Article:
Dose-Response Association between Exercise Intensity and Manual Motor Performance in Individuals with Down Syndrome: a Preliminary Study

C. C.J.J. Chen, Shannon Ringenbach

Research output: Contribution to journalArticle

Abstract

This study was aimed at investigating the dose-response relationship between acute exercise and its effects on manual motor control mediated by the intensity of exercise in individuals with Down syndrome (DS). Participants were randomized into vigorous-intensity exercise (i.e., 75–85% of predicted MaxHR), moderate-intensity exercise (i.e., 50–75% of predicted MaxHR) or control groups. The exercise groups performed an incremental walking protocol on the treadmill and the control group watched a video for 20-min. Measures of grip strength and manual dexterity were tested pre- and post- intervention. A quadric trend was seen in grip strength, such that the moderate-intensity exercise was beneficial for grip force production. However, inconsistent with previous studies, neither a quadric trend nor a linear trend was evident in the performance of the Purdue Pegboard Test. Thus, a large sample size and brain imaging measures are needed to explore the underlying mechanisms involved in individuals with DS.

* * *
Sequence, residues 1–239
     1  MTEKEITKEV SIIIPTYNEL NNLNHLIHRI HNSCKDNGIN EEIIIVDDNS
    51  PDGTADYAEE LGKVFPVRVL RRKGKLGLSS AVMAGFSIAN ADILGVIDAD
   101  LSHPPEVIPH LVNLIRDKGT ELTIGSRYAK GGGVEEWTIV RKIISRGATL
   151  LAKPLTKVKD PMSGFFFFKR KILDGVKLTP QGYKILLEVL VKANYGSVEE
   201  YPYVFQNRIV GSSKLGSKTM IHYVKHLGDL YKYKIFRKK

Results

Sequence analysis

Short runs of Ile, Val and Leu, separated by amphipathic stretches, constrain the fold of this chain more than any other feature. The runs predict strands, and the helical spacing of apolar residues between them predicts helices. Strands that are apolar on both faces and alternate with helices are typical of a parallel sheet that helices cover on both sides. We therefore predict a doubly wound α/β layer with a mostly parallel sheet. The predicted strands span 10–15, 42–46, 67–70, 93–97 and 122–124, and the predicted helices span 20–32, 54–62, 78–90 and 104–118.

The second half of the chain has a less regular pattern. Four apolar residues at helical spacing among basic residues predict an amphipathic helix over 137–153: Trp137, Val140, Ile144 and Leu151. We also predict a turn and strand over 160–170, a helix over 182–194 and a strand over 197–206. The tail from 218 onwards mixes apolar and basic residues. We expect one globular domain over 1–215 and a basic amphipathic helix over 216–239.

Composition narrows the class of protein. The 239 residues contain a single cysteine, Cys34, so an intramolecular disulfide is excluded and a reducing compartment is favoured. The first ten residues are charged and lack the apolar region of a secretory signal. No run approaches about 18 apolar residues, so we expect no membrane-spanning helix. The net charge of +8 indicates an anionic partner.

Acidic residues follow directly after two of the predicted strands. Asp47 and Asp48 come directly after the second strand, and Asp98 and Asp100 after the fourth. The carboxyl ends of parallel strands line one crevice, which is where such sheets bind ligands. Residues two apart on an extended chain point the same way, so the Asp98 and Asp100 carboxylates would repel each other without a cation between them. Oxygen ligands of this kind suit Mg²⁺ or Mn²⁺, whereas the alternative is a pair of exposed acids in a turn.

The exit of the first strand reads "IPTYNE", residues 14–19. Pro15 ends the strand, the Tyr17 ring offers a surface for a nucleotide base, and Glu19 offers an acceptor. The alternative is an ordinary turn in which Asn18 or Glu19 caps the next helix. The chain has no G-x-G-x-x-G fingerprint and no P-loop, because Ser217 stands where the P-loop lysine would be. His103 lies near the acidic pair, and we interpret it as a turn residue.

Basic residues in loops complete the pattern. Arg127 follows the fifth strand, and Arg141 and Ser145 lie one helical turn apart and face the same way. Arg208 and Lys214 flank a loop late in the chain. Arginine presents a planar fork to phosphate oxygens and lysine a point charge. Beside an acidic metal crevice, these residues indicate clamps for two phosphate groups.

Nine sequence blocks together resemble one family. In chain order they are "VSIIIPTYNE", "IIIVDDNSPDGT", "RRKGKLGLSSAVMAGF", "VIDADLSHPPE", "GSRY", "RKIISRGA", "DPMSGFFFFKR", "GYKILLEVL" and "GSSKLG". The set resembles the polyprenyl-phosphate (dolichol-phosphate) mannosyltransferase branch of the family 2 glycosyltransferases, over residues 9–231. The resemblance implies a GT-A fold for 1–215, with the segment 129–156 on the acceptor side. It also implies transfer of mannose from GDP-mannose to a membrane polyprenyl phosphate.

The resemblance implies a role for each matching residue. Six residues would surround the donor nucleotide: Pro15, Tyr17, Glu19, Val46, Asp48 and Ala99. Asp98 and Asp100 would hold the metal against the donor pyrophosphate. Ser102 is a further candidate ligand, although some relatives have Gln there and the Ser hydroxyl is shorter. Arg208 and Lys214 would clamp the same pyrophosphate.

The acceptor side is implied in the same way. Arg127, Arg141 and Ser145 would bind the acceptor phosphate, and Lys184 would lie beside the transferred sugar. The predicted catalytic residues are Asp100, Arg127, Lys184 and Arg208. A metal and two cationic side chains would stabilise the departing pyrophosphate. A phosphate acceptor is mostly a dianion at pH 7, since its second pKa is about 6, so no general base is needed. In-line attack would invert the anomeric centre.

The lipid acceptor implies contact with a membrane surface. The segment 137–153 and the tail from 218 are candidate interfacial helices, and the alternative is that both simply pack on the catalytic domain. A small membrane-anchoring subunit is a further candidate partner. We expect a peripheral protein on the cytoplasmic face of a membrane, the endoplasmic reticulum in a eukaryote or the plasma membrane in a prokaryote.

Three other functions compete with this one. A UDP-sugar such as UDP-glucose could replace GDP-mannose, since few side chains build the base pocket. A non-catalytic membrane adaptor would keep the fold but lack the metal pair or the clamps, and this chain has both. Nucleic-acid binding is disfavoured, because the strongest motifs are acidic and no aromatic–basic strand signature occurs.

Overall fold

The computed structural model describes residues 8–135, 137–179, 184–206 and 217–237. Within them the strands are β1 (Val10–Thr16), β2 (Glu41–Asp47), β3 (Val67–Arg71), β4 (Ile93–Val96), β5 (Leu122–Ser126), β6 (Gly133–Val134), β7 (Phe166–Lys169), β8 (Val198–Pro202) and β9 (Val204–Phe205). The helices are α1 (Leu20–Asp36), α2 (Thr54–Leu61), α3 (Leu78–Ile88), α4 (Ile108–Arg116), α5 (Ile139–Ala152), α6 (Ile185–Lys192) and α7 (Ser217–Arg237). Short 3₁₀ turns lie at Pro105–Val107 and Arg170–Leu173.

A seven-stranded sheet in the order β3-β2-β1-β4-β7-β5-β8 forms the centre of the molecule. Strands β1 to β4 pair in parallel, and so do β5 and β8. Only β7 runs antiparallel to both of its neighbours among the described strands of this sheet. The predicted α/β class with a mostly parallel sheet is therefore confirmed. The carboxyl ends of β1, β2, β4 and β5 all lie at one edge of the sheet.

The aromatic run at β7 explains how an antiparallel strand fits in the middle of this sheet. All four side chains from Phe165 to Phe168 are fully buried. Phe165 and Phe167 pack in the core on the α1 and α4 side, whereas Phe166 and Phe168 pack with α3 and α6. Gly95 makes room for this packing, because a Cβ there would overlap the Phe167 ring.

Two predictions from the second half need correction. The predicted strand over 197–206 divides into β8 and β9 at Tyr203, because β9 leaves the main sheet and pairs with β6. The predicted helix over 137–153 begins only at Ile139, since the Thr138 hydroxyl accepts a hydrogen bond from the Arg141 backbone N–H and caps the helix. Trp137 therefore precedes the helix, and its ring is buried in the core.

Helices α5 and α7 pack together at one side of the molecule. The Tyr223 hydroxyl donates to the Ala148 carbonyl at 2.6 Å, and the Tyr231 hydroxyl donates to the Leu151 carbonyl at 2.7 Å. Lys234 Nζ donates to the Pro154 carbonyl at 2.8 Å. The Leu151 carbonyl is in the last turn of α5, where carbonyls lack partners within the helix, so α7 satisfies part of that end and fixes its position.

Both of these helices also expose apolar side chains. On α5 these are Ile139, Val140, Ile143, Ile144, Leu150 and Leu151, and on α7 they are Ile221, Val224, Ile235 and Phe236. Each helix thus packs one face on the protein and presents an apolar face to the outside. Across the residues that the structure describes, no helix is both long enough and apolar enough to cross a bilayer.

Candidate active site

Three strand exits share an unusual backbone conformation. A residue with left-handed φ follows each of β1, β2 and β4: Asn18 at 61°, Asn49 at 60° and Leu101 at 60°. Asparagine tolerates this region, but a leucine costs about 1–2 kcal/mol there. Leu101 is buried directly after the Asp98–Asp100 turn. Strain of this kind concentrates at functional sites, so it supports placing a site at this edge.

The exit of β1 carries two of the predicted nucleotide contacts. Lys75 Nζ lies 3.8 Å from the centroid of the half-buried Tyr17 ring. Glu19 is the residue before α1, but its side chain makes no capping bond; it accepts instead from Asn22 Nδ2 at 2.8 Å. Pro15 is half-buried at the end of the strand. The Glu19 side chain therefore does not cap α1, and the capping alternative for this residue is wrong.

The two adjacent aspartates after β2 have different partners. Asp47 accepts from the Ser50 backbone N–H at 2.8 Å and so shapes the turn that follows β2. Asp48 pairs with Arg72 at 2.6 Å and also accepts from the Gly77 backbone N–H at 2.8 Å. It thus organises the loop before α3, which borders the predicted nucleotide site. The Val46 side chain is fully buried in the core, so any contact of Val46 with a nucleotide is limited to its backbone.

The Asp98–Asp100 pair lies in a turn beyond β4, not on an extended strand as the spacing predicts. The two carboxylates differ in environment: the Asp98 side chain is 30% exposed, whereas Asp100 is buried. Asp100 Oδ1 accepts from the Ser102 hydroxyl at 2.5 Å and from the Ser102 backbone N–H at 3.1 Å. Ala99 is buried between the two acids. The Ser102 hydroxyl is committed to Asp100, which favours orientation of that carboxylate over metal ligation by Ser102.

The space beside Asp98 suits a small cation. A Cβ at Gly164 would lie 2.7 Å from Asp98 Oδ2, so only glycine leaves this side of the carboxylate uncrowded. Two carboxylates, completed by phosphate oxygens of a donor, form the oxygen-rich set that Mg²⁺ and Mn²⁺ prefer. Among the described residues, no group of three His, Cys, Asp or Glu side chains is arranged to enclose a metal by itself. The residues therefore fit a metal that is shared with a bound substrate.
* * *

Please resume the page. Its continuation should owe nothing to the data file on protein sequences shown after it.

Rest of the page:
Original languageEnglish (US)
JournalJournal of Developmental and Physical Disabilities
DOIs
StateAccepted/In press - Jan 1 2018

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Hand Strength
Down Syndrome
Control Groups
Neuroimaging
Sample Size
Walking
Exercise

Keywords

  • Does-response relationship
  • Exercise
  • Intellectual disabilities
  • Muscular strength

ASJC Scopus subject areas

  • Physical Therapy, Sports Therapy and Rehabilitation
  • Developmental and Educational Psychology

Cite this

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